Steven Grabiner, ThD, is an executive leadership coach and an adjunct professor residing in Apison, Tennessee, United States.

Robert1 texted me a few years ago, asking for my advice. He was at a crossroads of deciding between two job opportunities. Both were attractive, and both had components of ministry connected to them. Shortly after receiving the text, I called him to talk things through with him. Unfortunately, whenever I shared an idea, he had an argument against it. I remember longing to have the right words that might help him make the “right” decision—at least as I saw it. Reflecting on the conversation late that evening, I felt unsatisfied. He ended up not listening to any of my suggestions.

Some pastors always, it seems, know just what to say. Pearls of wisdom flow from their mouths. They are a rare breed. Most of us come away from such conversations knowing we could have done better. Is there another skill pastors can develop that will be helpful in those times? I believe there is—the skill and art of coaching.

What is coaching?

When referring to coaching, I am not speaking about athletic, music, voice, or similar coaching. Coaching is the “art and practice of enabling individuals . . . to move from where they are to where they want to be.”2 A more official-sounding definition comes from the International Coaching Federation (ICF) website. Coaching is “partnering with clients in a thought-provoking and creative process that inspires them to maximize their personal and professional potential.”3 The main idea in these definitions is helping people become who they want to be.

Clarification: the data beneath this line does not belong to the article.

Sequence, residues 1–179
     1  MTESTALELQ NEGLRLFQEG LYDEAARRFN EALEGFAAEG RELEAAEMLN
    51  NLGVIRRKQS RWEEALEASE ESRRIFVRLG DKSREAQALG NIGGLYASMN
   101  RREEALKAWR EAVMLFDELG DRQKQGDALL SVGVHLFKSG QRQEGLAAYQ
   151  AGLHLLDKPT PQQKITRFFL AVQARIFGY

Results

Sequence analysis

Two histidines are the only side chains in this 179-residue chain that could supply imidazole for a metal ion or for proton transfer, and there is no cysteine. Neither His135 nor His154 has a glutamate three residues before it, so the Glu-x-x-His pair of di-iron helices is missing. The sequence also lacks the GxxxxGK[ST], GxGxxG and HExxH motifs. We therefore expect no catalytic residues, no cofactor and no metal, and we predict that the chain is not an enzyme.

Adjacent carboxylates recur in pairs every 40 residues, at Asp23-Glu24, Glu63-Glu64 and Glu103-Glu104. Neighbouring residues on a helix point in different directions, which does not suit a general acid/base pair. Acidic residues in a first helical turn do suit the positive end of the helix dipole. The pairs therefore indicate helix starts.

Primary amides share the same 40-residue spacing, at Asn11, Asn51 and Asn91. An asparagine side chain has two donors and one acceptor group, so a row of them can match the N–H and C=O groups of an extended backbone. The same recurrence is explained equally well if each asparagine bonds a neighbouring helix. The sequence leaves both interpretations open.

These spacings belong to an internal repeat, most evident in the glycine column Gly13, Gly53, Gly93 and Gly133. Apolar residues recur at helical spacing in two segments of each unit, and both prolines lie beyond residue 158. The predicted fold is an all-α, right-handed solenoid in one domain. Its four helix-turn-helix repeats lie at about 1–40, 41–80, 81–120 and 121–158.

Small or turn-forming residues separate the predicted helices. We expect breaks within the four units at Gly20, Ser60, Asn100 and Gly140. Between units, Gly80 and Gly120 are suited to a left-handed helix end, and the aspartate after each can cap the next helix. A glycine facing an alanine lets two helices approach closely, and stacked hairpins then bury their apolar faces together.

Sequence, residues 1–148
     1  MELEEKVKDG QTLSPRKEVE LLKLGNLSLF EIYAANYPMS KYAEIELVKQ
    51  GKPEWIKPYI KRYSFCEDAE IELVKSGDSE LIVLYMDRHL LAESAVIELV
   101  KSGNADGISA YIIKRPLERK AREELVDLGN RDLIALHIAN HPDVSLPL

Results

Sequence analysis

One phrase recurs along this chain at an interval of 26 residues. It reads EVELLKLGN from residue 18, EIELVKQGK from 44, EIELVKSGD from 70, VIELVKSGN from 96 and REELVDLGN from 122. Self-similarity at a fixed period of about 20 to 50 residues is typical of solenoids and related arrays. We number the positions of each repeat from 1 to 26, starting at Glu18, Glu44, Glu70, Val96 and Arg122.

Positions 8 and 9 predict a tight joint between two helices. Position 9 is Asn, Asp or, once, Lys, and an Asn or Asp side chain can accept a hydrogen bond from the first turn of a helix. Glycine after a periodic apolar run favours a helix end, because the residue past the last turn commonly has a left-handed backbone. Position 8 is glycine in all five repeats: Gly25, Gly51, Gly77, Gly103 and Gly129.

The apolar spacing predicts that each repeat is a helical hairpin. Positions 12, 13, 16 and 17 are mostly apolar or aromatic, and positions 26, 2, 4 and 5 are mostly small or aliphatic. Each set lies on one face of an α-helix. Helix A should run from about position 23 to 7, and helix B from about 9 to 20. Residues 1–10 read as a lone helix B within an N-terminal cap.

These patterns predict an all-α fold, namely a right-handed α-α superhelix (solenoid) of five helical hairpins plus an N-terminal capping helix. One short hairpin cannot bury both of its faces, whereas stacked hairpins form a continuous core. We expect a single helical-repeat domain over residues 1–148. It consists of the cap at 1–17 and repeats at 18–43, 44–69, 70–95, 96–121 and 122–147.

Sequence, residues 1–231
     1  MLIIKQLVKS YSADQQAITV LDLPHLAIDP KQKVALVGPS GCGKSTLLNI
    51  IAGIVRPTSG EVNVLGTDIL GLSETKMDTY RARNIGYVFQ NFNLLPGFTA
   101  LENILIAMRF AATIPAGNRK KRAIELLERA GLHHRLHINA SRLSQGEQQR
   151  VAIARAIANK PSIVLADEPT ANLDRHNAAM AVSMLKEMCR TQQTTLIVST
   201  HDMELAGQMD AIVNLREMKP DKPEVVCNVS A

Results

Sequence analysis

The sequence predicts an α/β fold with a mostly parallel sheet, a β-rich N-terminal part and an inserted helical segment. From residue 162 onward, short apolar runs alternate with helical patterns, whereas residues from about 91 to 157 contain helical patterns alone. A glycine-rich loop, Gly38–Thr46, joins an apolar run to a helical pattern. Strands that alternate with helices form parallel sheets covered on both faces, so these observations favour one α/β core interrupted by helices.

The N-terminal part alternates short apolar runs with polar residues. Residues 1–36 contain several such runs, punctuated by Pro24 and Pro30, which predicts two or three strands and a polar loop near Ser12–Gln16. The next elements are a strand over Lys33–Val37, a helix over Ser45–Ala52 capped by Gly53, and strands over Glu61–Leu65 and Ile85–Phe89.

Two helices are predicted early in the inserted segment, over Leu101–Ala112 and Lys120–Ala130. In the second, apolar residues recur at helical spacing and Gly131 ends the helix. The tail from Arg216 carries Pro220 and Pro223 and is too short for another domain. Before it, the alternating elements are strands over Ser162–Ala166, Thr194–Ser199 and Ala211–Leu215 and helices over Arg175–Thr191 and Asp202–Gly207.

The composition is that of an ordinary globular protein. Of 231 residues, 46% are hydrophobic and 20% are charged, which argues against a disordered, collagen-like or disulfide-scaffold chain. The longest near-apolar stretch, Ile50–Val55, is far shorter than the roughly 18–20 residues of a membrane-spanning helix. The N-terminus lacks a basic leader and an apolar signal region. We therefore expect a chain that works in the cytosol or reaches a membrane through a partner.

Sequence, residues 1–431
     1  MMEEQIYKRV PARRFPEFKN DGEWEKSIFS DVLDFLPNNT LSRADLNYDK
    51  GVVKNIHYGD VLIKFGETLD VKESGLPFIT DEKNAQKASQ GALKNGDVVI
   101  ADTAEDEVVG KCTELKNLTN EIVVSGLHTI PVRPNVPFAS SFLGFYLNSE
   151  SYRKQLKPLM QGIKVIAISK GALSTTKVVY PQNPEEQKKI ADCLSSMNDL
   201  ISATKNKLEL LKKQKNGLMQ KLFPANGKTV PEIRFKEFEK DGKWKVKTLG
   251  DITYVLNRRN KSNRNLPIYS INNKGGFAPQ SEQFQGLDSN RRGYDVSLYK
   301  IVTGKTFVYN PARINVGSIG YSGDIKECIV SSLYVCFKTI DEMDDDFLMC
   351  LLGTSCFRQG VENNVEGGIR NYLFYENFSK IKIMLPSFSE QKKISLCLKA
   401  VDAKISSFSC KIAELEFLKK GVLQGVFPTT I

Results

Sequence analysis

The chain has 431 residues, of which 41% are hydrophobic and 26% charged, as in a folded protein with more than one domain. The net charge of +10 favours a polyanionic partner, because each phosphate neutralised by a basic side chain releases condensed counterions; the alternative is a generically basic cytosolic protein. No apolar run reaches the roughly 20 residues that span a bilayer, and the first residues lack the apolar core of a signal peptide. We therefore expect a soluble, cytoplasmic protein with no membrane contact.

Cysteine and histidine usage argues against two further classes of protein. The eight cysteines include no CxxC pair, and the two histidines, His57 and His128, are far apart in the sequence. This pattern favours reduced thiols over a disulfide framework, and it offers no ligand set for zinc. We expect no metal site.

It is important to distinguish between coaching and other pastoral care skills. As a pastor, I have mentored many young adults. A mentor’s role is to infuse skills and expertise into the mentee. Pastors also engage in discipling. In this role, the pastor has more spiritual maturity than the person being discipled. When a pastor disciples others, the aim is to help new converts grasp biblical realities more fully. This is accomplished by teaching, modeling, advising, and guiding.

At times, pastors are biblical counselors. A counselor has specific training that communicates things, such as what good mental health is or how marriages should function, and attempts to move their clients in that direction. These are all important aspects of pastoral care, but they are quite different from coaching.